Discovering new glass-forming iron MOFs
11 May 2023



During a placement with ISIS, PhD student Rasmus Christensen carried out some experiments that were key to characterising a new type of metal organic framework.


The structure of the MOF MUV-24 as it transitions from the crystal state to the glassy state.​


​​Metal-Organic Frameworks (MOFs) are materials built from metal ions linked via organic ions to form large frameworks. They are currently one of the most studied groups of materials because their many varied structures, made by simply changing the inorganic and organic components, allow scientists to design new frameworks with specific and useful properties. For more information on MOFs, read our feature article on porous frameworks

Although over 100,000 MOFs have already been reported, only a few will melt into a stable liquid; most decompose instead. Recently researchers have discovered that, if suitably cooled, some of these stable MOF liquids will also form glasses. This discovery could lead to advances within the green energy economy with possible applications in battery materials or solar cells.

During 2022, Rasmus Christensen, a PhD student from the University of Aarhus, visited ISIS to work with scientist David Keen for three months as part of his PhD studies. Rasmus' PhD is focussed on studying the structure of materials during synthesis or under operation. In his studies, the pair distribution function (PDF) has been a crucial technique. PDF experiments give information about the distances between atoms within a material. During his visit Rasmus wanted to learn more about PDF methods, especially those pioneered from within the neutron scattering community at ISIS.

Glass MOF PDF.jpgWhilst at ISIS, Rasmus also worked on part of a project led by Guillermo Mínguez Espallargas from Universitat de València in Spain to measure the X-ray PDFs from new iron-based MOF glasses. Rasmus used an in-house X-ray diffractometer at ISIS and developed software to optimise data quality. The PDFs from these MOFs (as seen in the figure on the right) showed that the local atomic distances seen in the corresponding crystalline phases were retained in the glass MOF, confirming that the MOF had not decomposed after heat treatment. Because this was the first report of a MOF glass based on iron, Rasmus' work has featured in an article which has just been published in the Journal of the American Chemical Society.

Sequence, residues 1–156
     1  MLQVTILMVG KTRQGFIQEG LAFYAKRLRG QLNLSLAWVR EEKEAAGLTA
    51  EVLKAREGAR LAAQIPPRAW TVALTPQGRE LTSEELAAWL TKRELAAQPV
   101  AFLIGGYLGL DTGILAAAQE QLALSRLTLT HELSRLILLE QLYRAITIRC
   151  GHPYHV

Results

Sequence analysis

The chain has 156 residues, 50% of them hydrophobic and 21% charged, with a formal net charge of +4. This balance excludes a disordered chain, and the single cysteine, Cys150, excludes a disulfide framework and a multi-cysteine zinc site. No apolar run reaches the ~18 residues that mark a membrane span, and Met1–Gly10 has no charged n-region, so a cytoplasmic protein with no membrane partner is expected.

"During my visit, I benefitted from learning about pair distribution function methods from the various experts within the ISIS neutron community," explains Rasmus. “I hope to return to ISIS to perform a neutron PDF experiment as part of my thesis work and to build on the collaboration that I have started with David."

“Rasmus brought important expertise to ISIS during his placement," says David. “We are now continuing this partnership, as the PhD student from Universitat de València who made these first iron MOF glasses, Luis León Alcaide, is now visiting ISIS to further this important work."

Figure, right, shows the X-ray PDF data collected by Rasmus in the form of D(r) of IMIDFE, MUV-24(lla), MUV-24(coi), and ag-MUV-24 (a). (b) Structural representation of the short-range order matching bonds and pair distances with the peaks shown in a. Fe, C, and N atoms are shown in brown, black, and blue, respectively.

Further information

The full paper can be found at DOI: 10.1021/jacs.3c01455

Contact: Keen, David (STFC,RAL,ISIS)